Review – Virginia
What is Virginia? This is the question you ask after you watch the trailer. This is the same question you ask after you have completed the experience. It’s difficult to review Virginia because the game is very much akin to a Gone Home, or Firewatch. It isn’t so much a game as an experience, something you do, not something you play. Virginia is a first person, walking simulator that puts you in the shoes of Anne Traver, a newly graduated FBI agent, as Anne and her partner investigate a missing persons case in the small, rural town of Kingdom, Virginia.
You and your partner, Special Agent Halperlin, are sent to find Lucas Fairfax, a young boy who went missing unexpectedly. The story seems straight forward at first, but before you leave for this backwater town your superiors ask you to keep an eye on your new partner. This is one of the first twists and turns Virginia takes you on. Virginia has a few different sub plots you explore. You find out while you spend time in Anne’s shoes that there is more to learn, and not just about Lucas, but about the FBI, Halperlin, and even yourself.
The game has an extremely stylized art direction, reminiscent of claymation films. The colors are vibrant, blue skies shining against the rolling green grass hills. Even the drab basements scenes in the FBI office look beautiful. I experienced no hiccups or frame tearing, but did have the game crash to the dashboard once. Not only is the animation beautiful, but the sound track is the corner stone to this whole experience. Composed by Lyndon Holland, this orchestral sound track hits all the right notes. The tunes really tell you a story and help you understand what is happening. I highly recommend taking 3 mintunes out of your day and listening to the track below, it will leave you speechless. Virginia is the only game I have ever went out and purchased the soundtrack for. The emotion the soundtrack invokes is really essential to the experience, you need to feel the excitement, anger, or sadness. Everything in Virginia is there to drive the story.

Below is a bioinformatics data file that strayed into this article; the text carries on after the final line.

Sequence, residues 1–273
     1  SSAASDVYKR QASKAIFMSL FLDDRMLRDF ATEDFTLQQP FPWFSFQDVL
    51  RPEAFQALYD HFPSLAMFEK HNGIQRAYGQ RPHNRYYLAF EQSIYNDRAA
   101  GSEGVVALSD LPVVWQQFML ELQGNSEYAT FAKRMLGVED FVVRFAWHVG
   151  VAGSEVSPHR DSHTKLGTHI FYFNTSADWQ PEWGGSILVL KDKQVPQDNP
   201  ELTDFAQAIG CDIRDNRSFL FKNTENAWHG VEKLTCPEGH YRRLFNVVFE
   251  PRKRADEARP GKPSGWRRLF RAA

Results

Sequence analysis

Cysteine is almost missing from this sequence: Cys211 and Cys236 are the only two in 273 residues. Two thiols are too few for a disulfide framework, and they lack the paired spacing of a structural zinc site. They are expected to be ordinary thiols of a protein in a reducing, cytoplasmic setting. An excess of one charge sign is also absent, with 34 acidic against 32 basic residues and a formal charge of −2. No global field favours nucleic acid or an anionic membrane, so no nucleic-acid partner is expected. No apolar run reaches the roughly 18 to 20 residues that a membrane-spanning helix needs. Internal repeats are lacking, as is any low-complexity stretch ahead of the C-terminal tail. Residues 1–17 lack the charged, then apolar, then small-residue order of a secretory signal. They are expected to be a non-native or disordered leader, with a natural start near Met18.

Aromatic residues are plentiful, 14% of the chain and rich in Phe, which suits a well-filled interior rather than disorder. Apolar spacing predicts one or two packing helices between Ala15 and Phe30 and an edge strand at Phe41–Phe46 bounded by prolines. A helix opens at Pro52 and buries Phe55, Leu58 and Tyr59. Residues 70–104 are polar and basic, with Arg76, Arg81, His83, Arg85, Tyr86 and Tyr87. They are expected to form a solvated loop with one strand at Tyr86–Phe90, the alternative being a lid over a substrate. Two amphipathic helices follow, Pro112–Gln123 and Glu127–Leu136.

Virginia’s biggest claim to fame would be that the story is told without any spoken dialogue. The story folds out in front of you eyes and you must pick up on subtle clues to piece the supernatural or mental story together. Many elements of Virginia’s story if left open to interpretation, some of the plot points were lost on me until a second play through. Speaking of a second play through, Virginia does have “collectibles” that you can find to unlock achievements or trophies. 10 feathers and the same amount of flowers you can find and pickup throughout the world. Also there are specific things you must to do unlock trophies and the like, such as sipping on a cup a coffee when handed one. Most of the achievements are missable, so if trophy hunting is your thing defiantly go in with a guide. Sadly this is one of Virginia’s low points. After you clear the game and have all the collectibles there really isn’t much reason to go back and play it. Arguably I do not believe this takes away from the game very much, as I look at this piece of art for it’s compelling narrative and power to evoke emotion. I recommend to just play the game at your own pace and replay to get any collectibles and trophies you may have missed. The narrative should be the main focus the first time through.
The story has a lot of X-Files-esque vibes radiating off it. It’s supernatural, or is it? It’s a statement about mental health, or was it? Virginia will leave you with questions, it will cause discussions, it will make you want to play it again. I go back to my earlier point of Virginia being an experience, not a game. It’s a good 3-4 hours of entertainment, that will have a story unfold in front of you, it’s left up to the player to put all the pieces together. Now if you don’t want to think, or turn your brain off and just play a game, then Virginia wouldn’t be a great choice. Virginia is a game for people who want to sit down and play an Indie movie, something weird that is released in an art house cinema. Virginia is for people who want to have questions and turn to their friend and say “What did you think that means?”. Virginia Invokes feeling which is something that makes a game great, and is lacking in most modern games. I highly recommend Virginia, I think it’s one of the best narrative story games of 2016. Set a few hours a side on a Friday night, gather some friends, and have an unforgettable trip to Kingdom, Virginia.
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